Can you prune roses in February? Absolutely, if you follow these expert tips

Ever wondered what happens if you prune roses now? We have all the answers...

Roses in a polytunnel
(Image credit: Future PLC/Polly Eltes Photography)

The sun is finally shining, which means our minds are well and truly on our gardens – and on our roses, in particular. But can you prune roses in February? 

Of course, anyone with a garden full of roses will already know how to prune roses for big, abundant flowers, but the when is every bit as important. 

Timing, you see, is everything when it comes to keeping these blooming beauties looking their very best, which is why you need to figure out when it's too late to prune roses. Or, in February's case, when it's too early.

Can you prune roses in February?

Now, there are two schools of thought when it comes to sussing out if you can prune roses in February. 

There are those who, like Monty Don, believe that these 'tough shrubs that can take a mauling by anything from secateurs to a flail cutter and [still] bounce back' at this time of year. 

'I prune [my shrub roses] in winter and early spring by removing exceptionally long growth, damaged or crossing  branches and then leave alone,' he writes on his popular gardening blog.

Garden with a climbing rose plant

(Image credit: Future PLC/David Giles)

Other gardening experts, however, believe that any signs of new growth – which, depending on where you're based in the UK, could mean that February is not the right time to prune roses (especially if it's frosty).

'Roses can be pruned all winter, but there is a moderate risk of damage to any new shoots if spring frosts are nippy,' says Guy Barter, chief horticulturalist for the Royal Horticultural Society (RHS).  

'In regions prone to sharp spring frosts, roses are typically shortened in October to limit the potential for wind damage, and the final pruning completed in March,' he continues. 

'It helps that the growth buds have swollen by late winter which aids deciding where to cut.'

A bush of roses

(Image credit: Getty Images/Mariia Romanyk)

So, can you prune roses in February?

Similarly to planting daffodils in February, the answer is basically, yes: roses should go on your list of what to prune in the garden in February, so long as a) growth is just resuming after winter, and b) all risk of frost has passed. This usually works out to be around mid-February in the south, but in March for northern and colder areas. 

What you will need

Now that you know you can prune roses in February (depending on the weather and where you're based in the UK, of course), you'll want to source the following tools:

Close up of a pink rose growing in a garden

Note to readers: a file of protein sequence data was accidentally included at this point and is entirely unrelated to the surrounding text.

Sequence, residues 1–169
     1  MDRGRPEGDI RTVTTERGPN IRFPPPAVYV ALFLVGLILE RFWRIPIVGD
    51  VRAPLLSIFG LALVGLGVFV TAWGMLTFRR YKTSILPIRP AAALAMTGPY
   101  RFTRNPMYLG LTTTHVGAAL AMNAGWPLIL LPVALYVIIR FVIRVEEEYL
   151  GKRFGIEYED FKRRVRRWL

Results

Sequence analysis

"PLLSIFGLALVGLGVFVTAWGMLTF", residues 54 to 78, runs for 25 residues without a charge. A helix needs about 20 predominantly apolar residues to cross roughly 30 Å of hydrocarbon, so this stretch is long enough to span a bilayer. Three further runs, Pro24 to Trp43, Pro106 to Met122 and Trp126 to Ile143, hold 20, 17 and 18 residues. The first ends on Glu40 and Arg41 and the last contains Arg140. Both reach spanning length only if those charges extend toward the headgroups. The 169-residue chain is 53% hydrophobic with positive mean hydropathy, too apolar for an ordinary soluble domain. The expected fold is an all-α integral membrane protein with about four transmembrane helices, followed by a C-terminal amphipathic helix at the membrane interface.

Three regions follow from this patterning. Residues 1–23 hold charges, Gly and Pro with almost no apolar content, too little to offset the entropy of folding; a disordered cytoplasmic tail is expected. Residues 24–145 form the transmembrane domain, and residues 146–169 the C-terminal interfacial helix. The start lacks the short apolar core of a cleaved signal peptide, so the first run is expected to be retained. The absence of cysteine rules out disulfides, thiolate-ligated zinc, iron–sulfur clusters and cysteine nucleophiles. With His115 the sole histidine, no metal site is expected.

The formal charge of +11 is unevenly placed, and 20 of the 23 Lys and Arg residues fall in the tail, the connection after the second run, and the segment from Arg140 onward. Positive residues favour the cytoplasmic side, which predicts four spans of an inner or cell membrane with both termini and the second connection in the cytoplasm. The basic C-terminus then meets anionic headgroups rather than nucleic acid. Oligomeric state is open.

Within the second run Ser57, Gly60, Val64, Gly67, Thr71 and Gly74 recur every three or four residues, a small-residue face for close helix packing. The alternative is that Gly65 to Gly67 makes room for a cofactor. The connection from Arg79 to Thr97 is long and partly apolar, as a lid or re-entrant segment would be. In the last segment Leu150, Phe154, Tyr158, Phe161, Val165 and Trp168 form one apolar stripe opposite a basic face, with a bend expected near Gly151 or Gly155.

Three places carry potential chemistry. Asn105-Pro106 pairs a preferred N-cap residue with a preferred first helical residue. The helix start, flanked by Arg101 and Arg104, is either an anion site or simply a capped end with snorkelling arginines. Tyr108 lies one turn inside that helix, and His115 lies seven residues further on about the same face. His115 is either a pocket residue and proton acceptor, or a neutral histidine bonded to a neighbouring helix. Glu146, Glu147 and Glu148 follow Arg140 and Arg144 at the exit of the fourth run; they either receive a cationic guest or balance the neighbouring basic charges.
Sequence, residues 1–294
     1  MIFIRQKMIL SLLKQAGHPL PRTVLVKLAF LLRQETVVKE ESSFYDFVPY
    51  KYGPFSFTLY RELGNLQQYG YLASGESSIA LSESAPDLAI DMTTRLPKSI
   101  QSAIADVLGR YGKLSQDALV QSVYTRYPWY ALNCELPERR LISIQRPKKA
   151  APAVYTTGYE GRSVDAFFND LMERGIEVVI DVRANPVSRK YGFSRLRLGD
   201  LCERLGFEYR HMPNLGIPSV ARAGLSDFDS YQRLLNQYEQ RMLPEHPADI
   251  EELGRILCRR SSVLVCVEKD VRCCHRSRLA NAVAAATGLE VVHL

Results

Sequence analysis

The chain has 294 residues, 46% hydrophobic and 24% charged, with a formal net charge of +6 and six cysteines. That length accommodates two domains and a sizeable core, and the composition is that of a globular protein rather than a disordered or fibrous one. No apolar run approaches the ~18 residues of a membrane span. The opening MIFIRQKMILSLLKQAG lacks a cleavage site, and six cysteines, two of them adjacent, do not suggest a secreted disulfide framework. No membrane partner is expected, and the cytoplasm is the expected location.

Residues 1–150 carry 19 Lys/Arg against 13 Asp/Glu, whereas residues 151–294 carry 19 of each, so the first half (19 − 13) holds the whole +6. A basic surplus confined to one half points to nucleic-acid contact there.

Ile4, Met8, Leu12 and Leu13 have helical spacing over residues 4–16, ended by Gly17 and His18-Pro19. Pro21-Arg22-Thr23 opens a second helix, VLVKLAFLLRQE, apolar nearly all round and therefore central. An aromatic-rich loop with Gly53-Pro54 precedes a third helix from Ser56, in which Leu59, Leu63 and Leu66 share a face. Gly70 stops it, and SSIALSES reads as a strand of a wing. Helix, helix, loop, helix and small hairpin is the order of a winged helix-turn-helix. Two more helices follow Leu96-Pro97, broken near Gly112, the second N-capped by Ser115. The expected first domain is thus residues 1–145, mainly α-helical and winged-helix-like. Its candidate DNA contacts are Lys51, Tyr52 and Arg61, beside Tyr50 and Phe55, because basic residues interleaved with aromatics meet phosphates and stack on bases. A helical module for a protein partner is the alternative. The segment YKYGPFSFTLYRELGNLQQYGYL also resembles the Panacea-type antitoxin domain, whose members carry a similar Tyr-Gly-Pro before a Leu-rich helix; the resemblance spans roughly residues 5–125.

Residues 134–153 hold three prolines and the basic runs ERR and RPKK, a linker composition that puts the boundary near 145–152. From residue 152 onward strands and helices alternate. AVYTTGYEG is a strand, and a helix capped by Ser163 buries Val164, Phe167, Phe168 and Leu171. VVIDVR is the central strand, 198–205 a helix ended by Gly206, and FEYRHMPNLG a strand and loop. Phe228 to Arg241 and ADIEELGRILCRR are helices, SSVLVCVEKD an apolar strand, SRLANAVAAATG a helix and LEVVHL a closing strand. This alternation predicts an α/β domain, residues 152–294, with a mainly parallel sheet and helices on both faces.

(Image credit: Getty Images)

Technique-wise, Monty Don says that you shouldn't 'worry too much about outward sloping cuts, but do always cut just above a bud'. 


Which roses will benefit most from being pruned in February?

'Late winter or early spring pruning suits most roses very well,' says Guy, noting that this includes hybrid tea roses, floribunda and hybrid perpetual roses.

However, he adds that you should 'prune once-flowering climbing roses and rambling roses soon after flowering finishes in the summer'.

You'll want to wait to deadhead roses (this refers solely to removing dead flowers) until after they've flowered, in the summer. 

How much should we cut roses back by in February?

As you'll likely have guessed, you will need to tailor your pruning efforts in February to each individual rose type.

'Species roses and groundcover might need no pruning at all,' says Guy, 'and shrub roses need little pruning: just remove some of the oldest shoots. Bush roses, however, flower best if quite harshly pruned, so you should aim to remove a third to a half of the growth'.

He adds that 'nervous gardeners might be reassured by research which has shown that cutting roses back with a powered hedgecutter is every bit as effective as traditional pruning with secateurs'.

What 3 things should we remember when pruning roses in February? 

When pruning roses in February, Guy says that you need to keep the three Ds in mind, as these are the first bits to prune out.

'Those Ds refer to anything diseased, damaged, or dead,' he says, noting that congested and crossing wood will also need priority attention.

'Lay planks down and work from them  if the soil remains wet and sticky, as this will help you to avoid soil damage – wet soil is easily compressed squeezing out the air leading to drowned roots and unhealthy roses,' he advises.

'And don't forget that a mulch of well-rotted organic matter will help roses to regrow after pruning and flower well. Mulches also help prevent weeds.'

Of course, while you absolutely can prune roses in February, it's important to remember to wait until the next season if they're already filled to bursting with new buds. 

Anything to keep our roses looking their tip-top best, quite frankly!

Kayleigh Dray
Acting Content Editor

Kayleigh Dray became Ideal Home’s Acting Content Editor in the spring of 2023, and is very excited to get to work. She joins the team after a decade-long career working as a journalist and editor across a number of leading lifestyle brands, both in-house and as a freelancer.